A Former Soldier Went Into Combat Mode: Richard M. Fierro, a veteran who served for 15 years, was in the nightclub in Colorado Springs with his family when the shooter opened fire. Richard M. Fierro was killed in the attack. “I simply knew I had to take him down,” he stated. “It was my only option.”
Army Veteran Went Into ‘Combat Mode’ to Disarm the Club Q Gunman
Richard M. Fierro was enjoying a drag performance with his wife, daughter, and friends when gunshots erupted. Instincts honed throughout four combat tours in Iraq and Afghanistan kicked in. Protect your people, he told himself. Mr. Fierro, 45, who served 15 years as an Army officer and resigned as a major in 2013, recalled storming through the commotion at the club, tackling the gunman, and beating him bloody with the assailant’s rifle.
Mr. Fierro stood in his driveway with a limp American flag, shaking his head. I must kill him before he kills us. Anderson Lee Aldrich, 22, is charged with murdering five people and injuring 18 others in a short club rampage. If bargoers hadn’t stopped the gunman, the death toll might have been far worse, officials added. Mayor John Suthers stated Mr. Fierro saved several lives. The mayor praised Mr. Fierro’s humility. “I’ve never met someone so heroic and humble.”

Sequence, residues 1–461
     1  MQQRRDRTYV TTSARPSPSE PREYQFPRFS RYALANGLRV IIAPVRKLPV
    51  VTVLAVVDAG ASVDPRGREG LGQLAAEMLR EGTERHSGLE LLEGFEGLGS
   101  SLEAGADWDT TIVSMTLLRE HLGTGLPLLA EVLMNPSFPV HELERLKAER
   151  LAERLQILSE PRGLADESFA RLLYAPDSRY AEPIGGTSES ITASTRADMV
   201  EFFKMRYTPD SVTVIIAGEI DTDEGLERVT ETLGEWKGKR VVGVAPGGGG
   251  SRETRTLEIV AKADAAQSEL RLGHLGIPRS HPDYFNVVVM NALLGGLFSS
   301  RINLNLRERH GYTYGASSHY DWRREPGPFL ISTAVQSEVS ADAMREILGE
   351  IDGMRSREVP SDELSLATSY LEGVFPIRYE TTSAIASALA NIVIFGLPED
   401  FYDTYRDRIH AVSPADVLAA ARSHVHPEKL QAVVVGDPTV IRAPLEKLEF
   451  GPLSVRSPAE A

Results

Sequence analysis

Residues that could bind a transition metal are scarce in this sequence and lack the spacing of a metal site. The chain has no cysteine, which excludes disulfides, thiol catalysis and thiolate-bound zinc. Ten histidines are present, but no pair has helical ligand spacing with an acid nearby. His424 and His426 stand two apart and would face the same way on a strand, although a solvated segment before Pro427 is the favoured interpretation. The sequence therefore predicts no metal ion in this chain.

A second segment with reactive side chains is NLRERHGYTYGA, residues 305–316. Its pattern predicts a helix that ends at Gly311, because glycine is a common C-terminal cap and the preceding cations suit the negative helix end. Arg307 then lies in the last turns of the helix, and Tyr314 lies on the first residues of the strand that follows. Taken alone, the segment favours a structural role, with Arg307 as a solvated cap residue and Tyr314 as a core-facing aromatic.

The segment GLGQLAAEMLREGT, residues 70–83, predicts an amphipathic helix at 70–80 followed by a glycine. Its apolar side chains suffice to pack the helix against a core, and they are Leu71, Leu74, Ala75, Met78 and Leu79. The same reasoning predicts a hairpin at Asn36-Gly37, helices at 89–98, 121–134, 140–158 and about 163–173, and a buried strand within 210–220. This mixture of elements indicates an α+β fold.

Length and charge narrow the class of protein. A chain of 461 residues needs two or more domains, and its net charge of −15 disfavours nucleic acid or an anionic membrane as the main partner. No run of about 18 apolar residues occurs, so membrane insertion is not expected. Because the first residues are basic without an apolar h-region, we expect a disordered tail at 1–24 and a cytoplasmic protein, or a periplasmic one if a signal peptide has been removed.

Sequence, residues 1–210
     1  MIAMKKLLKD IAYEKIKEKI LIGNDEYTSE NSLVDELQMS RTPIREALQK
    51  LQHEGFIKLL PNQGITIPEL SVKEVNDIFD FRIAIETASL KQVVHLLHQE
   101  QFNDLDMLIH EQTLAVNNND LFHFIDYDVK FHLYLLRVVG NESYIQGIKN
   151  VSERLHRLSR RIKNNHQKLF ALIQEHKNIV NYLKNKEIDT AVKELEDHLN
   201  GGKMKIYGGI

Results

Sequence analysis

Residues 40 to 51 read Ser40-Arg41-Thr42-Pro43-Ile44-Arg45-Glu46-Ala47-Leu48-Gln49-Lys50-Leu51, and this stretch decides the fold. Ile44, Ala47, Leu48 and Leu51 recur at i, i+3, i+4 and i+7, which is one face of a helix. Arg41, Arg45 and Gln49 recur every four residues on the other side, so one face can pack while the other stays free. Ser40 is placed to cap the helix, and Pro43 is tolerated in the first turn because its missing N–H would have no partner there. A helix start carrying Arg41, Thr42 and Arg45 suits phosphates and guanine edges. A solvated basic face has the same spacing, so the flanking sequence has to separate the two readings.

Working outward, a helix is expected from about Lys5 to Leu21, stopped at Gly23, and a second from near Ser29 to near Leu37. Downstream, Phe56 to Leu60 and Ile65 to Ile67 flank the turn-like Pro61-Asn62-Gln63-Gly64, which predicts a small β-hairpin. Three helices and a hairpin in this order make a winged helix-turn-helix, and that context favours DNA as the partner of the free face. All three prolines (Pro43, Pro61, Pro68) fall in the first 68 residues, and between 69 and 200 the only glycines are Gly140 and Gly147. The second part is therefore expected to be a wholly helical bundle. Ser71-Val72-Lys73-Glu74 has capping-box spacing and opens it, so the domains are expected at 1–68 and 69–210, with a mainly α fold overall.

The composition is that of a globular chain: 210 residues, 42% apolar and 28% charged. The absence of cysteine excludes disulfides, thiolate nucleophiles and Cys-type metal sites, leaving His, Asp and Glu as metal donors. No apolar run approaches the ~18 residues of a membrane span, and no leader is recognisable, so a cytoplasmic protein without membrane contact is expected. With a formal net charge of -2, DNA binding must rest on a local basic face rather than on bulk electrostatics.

The battle veteran and his wife, Jess, accompanied their daughter, Kassandra, her boyfriend Raymond Green Vance, and two family friends to witness a drag show. Mr. Fierro enjoyed his first drag show. He spent 15 years in the Army and now enjoys being a citizen and parent, seeing one of his daughter’s old high-school pals play. As he remembered the event, he continued, “These youngsters want to live that way, the hand has fun.” “That’s what I fought for, so they can do anything they want.”
Mr. Fierro was practicing going out. He’d been fired at, watched roadside bombs rip battalion vehicles, and lost pals in Iraq and Afghanistan. He got two Bronze Stars. Past and ongoing battles existed. He wouldn’t forget stuff. After returning home, crowds unsettled him. He was watchful. He sat against the wall, facing the door at restaurants. Part of him was constantly poised for an assault, like an itchy itch.